Walking out from the Burg, towards the canals was this gilded footbridge between two buildings. Bruges definitely warrants a look back over your shoulder to see its hidden details. 

The pretty Burg

The charming basilica has an upper and lower chapel; the lower being a Romanesque style (round arches, pretty in its simplicity) and the upper was remodelled in a Gothic style (arches, gold, slightly garish by comparison). The relic of holy blood is contained in a vial in the upper chapel and you pay – I think it was five euros – for the privilege of walking past it. I didn’t, but you may wish to.

The Basilica of the Holy Blood

I was feeling hungry (again!) and needed a sit down for my very weary feet and something to stave off my cravings. Walking around we found a charming little tea room that would have seemed just as perfect nestled on a quaint village high street in the Cotswolds. For some stupid reason I forgot to note the name or location, but if I find it I will update! The mini cakes were delicious, but I opted for the waffles. SO GOOD.

Chintzy and quaint, but so delicious!


Yes, that’s a proper hot chocolate with milk, with more hot chocolate on my banana waffles.

The Burg lit up in the late afternoon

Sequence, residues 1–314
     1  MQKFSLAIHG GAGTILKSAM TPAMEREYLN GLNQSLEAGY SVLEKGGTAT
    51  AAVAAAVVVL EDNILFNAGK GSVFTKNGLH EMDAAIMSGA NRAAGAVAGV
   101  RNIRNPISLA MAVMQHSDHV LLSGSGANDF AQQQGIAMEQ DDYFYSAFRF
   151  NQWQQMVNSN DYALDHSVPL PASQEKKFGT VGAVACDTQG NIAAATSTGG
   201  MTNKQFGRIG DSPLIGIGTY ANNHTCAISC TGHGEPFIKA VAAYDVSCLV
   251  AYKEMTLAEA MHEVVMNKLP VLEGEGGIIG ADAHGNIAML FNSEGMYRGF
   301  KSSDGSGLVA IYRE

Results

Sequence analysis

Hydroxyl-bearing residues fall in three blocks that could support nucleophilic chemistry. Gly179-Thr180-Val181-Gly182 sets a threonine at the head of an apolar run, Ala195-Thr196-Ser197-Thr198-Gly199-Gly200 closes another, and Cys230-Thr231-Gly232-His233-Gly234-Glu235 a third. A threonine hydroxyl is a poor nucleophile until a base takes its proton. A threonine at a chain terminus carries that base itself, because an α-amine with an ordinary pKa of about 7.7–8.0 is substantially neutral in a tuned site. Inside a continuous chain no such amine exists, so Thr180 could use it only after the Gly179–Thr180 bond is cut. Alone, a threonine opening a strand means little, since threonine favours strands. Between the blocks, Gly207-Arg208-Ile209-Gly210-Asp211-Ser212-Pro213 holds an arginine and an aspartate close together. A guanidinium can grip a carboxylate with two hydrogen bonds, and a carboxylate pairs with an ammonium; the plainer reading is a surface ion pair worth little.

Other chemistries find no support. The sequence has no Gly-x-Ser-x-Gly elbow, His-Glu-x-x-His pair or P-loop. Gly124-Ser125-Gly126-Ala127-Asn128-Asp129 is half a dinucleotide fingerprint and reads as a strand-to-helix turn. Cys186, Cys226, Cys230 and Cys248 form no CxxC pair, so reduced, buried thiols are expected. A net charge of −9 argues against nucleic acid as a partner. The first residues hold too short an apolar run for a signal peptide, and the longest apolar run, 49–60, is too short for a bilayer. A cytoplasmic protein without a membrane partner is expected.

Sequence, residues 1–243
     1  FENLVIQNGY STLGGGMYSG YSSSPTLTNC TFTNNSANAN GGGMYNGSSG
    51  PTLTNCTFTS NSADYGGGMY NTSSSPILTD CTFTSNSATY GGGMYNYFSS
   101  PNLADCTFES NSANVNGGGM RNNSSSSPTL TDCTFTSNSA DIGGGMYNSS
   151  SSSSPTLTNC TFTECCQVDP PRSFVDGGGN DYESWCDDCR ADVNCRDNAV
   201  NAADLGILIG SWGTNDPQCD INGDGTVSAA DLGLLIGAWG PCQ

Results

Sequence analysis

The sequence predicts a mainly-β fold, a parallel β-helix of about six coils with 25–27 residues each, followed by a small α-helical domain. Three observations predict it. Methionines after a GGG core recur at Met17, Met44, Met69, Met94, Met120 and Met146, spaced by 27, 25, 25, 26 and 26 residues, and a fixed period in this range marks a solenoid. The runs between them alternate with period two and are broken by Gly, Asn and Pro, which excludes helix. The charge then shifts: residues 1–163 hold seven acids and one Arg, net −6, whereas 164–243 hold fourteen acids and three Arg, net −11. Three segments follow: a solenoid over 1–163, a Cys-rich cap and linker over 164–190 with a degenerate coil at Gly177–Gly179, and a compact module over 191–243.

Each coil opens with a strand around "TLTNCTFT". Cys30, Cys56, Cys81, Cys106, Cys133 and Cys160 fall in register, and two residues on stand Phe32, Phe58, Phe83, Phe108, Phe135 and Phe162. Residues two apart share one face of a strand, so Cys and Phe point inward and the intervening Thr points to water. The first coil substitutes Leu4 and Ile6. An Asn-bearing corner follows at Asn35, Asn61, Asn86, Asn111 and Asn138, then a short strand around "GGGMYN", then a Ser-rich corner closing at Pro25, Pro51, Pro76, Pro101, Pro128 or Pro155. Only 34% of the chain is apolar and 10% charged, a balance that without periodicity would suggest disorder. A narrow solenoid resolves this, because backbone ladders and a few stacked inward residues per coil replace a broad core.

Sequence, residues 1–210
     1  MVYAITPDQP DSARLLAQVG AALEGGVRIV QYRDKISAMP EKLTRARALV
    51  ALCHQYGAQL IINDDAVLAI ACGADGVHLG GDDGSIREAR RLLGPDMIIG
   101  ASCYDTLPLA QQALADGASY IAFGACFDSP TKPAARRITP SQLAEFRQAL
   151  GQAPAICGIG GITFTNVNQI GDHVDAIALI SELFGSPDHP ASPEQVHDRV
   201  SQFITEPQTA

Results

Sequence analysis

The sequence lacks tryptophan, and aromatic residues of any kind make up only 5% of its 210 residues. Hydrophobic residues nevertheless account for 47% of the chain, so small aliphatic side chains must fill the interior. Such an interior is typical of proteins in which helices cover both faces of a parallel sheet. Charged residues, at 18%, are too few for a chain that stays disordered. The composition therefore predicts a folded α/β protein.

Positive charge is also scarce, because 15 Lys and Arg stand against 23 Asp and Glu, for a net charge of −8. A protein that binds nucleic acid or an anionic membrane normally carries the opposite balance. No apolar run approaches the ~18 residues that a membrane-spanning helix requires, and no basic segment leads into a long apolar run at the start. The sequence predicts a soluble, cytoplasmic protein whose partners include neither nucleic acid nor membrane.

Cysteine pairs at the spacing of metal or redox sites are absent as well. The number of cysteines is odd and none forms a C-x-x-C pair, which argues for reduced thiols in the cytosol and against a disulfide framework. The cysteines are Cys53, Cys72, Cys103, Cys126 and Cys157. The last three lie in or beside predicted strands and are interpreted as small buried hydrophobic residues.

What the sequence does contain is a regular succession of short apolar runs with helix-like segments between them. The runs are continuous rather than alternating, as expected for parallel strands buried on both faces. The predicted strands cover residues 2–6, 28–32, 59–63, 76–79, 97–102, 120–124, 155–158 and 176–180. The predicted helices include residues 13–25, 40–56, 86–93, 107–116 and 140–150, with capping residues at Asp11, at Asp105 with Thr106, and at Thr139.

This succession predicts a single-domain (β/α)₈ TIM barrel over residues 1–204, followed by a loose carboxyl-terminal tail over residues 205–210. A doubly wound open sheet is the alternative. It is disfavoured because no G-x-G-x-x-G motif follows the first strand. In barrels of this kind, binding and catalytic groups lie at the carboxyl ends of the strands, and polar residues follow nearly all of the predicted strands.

Perfect demo of open water drafting technique!

All in all I really enjoyed Bruges/Brugge and I shouldn’t hold the pre-Christmas crowds against it. I definitely want to re-visit in slightly less crowded times and warmer temps – not too warm though as I’d be tempted to take a dip in the canal, plus there’s the whole humidity and wasp/bee quandary I face whenever I venture outside. There was so much we didn’t do, so many museums and sights that we didn’t see. I might even be tempted to get in one of the little boats and tour of the canals. Maybe. *shifty eyes*

We started walking back to the station to catch the train back to Brussels and as if to prove a point of how stunning a place it is, the sun set over the Groenerei / Steenhouwersdijk canal and turned the cloudy skies in to a riot of fire.

Hashtag NO FILTER! So pretty.

Til next time Bruges…

 PS – The train back was rather packed and so this smart fellow, who may have had a few beers and trappist ales beforehand, had a fantastic space saving idea…